POETIC FICTION. Is it fate that brings you to the work of a poet? Or is it the poet's books--books of fiction filled with characters and plot--that usher you in?
I discovered Fanny Howe's work a year ago and gulped down three of her books with gusto. When would she write a new novel, I wondered?
"It's my last fiction work," Howe revealed about Indivisible, written three years ago.
Bereft, I prodded on. What do you mean?
"I see it as the natural end of an arc that I started with First Marriage, written when I was 27. It's been a long arc.
"But I have to make a distinction," she added. "I'm not necessarily stopping prose writing, just fiction. I always found I was chasing after holes, and that's not a good way to write."
Of her 20 books, 12 are indeed volumes of poetry. But realize that Howe's poetic form includes prose, short block scenes, singular voices that one follows like characters. And her fiction--well, it's just plain poetic, even filmic with gaps and interesting juxtapositions. No printed TV here, no heavy reliance on dialogue or plot twists.
Howe comes from a creative and political family, and it's that background that informs her multi-genre work. Her mother was a playwright and actress. Her father was a Harvard law professor and civil rights activist. Her sisters and a cousin form a clique of artist, poet and playwright. Howe has spent the last three decades lecturing in creative writing, mostly at UC San Diego. She left teaching two years ago the way she left fiction--she just came to the end of its arc--and now lives and writes on Martha's Vineyard and occasionally teaches.
As we spoke, I began to understand that I wouldn't be losing a fiction writer who experiments with narrative and form, but gaining a poet who is, as Quincy Troupe describes, sly and wicked, "always shifting between the social, the political as well as linguistic and literary concerns, an artist always writing from the cutting edge."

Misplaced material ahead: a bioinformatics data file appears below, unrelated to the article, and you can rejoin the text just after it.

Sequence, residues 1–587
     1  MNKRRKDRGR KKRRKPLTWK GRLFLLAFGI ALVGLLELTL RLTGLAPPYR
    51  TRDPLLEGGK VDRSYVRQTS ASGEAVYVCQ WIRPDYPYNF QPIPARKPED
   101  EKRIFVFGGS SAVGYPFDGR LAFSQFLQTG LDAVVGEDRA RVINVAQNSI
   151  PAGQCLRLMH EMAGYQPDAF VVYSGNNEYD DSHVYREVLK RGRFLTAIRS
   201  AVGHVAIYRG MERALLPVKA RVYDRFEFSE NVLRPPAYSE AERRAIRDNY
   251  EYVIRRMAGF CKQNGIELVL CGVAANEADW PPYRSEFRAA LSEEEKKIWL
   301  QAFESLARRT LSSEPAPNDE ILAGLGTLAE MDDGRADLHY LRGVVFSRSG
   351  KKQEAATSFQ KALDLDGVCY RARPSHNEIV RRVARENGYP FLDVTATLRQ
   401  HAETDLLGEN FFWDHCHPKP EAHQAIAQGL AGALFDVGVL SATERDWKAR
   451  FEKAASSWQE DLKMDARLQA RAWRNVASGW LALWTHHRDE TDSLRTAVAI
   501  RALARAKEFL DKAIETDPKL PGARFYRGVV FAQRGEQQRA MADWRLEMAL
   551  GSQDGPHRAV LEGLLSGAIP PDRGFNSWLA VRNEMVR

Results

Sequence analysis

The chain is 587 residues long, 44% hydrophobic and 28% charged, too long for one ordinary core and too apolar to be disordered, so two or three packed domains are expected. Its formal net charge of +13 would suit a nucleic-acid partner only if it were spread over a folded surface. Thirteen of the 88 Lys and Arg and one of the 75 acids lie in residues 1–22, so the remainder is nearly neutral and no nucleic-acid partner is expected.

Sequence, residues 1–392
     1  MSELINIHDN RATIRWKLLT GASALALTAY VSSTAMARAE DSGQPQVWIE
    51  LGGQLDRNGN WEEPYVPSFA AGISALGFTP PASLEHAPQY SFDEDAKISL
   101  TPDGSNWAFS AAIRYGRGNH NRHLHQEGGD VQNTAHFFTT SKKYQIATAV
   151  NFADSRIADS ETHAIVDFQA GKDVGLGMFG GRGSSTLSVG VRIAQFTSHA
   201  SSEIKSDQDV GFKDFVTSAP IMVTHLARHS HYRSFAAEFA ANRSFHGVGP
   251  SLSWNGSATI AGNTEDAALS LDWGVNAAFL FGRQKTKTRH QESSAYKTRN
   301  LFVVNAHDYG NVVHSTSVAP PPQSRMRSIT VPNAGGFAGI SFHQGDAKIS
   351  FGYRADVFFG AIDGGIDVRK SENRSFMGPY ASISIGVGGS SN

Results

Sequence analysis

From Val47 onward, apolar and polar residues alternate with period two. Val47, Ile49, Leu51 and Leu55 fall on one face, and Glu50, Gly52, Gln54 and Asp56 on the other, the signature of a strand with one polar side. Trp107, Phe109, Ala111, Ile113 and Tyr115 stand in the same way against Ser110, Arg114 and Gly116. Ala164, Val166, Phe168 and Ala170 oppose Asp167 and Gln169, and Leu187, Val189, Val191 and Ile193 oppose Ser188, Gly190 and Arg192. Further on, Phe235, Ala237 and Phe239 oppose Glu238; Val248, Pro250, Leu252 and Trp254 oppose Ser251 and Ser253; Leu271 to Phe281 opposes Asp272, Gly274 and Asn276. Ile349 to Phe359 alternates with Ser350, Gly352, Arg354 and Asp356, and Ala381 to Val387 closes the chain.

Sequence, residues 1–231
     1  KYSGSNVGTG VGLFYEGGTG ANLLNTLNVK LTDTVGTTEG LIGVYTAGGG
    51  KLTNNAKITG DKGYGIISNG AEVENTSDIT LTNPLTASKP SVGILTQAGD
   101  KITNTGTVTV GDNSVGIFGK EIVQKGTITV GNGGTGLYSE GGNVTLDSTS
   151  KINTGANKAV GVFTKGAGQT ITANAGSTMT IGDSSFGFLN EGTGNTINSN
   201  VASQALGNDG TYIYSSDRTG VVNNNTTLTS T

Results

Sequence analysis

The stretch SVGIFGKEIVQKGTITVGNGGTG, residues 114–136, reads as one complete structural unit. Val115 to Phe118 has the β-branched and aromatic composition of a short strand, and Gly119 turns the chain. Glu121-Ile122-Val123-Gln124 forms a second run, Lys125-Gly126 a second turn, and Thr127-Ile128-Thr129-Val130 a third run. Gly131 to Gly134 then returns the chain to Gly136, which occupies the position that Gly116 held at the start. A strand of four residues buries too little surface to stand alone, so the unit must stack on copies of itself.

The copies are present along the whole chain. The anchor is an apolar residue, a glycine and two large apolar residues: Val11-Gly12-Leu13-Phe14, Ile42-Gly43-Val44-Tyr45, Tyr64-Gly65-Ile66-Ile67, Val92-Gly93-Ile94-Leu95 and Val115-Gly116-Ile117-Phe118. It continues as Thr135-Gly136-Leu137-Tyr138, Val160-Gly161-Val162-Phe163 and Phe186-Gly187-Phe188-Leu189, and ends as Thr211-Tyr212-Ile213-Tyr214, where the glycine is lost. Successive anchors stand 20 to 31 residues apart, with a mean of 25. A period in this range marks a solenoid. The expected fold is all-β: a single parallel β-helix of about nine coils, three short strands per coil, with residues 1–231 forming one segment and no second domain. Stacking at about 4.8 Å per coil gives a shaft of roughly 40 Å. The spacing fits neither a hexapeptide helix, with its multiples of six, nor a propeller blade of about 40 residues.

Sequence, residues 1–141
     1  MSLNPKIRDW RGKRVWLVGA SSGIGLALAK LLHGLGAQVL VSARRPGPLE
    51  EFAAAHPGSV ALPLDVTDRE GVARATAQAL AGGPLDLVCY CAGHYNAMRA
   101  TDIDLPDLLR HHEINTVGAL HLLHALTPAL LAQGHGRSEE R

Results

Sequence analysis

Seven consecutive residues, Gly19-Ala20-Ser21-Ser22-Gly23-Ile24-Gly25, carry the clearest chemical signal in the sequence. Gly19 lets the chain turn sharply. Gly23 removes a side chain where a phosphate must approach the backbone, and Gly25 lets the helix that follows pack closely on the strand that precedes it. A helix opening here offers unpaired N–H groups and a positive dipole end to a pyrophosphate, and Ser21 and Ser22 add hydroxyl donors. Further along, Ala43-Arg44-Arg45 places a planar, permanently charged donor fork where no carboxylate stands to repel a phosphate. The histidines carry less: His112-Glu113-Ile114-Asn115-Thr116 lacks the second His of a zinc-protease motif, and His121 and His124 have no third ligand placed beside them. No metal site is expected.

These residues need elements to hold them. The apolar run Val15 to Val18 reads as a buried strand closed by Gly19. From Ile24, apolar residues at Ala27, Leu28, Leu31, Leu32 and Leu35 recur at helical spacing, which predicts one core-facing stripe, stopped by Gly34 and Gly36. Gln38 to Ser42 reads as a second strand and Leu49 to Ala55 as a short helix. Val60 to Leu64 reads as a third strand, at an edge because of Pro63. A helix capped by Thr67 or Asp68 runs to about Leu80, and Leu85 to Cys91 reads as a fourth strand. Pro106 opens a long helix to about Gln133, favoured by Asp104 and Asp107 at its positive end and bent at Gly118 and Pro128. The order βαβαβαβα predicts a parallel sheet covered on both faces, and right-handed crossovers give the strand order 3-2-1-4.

"It's the content that drives me," Howe says of her creative process. "I've always been concerned with how powerlessness affects us. Seeing the brutal end of it is what intrigues me."
And the shape just follows the content.
"More and more, the form is itinerant. I'm responding day-by-day to the quotidian world. I'm not trying to build an icon out of the poem."
That's evident in her choice of themes, whether it's the bleak trek of a homeless woman participating in the illegal sale of body parts at the California-Mexico border or the story of a woman who has locked her abusive husband in a closet on Page 1 and leaves him there for the rest of the book while characters plumb the depths of race relations and spiritual faith. Much of her poetry has a unifying theme as well, following characters Howe finds in the larger political world.
"It's almost that I'm hearing voices," she admits.
Howe's newest book is Gone, in which she experiments with the shape of the poem. Unlike some of her earlier work--blocks of almost filmic "scenes"--Howe's form has shifted.
"The style is now quite short--stanzas, maybe 10 lines in all. I think of one line as a new word. So then the poem equals one sentence, really."
The work explores the split in personality as it grapples with religion and the physical or erotic self. Howe wonders, "What does it all mean? That's what I'm asking."
She's been asking this question all her life.
"I was raised by committed atheists. I've sort of done a forced conversion on myself in order to change my vocabulary. I hated the vocabulary of psychology. So I found another one in the realm of religion.
"But I'm driven by a severe case of doubt. It doesn't say much for my faith. But I do love the Eucharist, the poverty end of it."
These contradictions draw you into the work, whether fiction or poetry. "I think the highest thought is a paradox," offers Howe. "I love bewilderment, but not confusion. Confusion is a more panicky place. The most enlightened place you can be is a space of ambivalence."
Howe reads from her work on Wednesday, March 26, at 8 p.m. as part of the UA Poetry Center Spring Reading Series, co-sponsored by POG and Chax Press. It's held at the Modern Languages auditorium located south of Second Street and Mountain Avenue. Admission is free as is parking at meters or on Zone 1 Lots. For details, call 626-3765.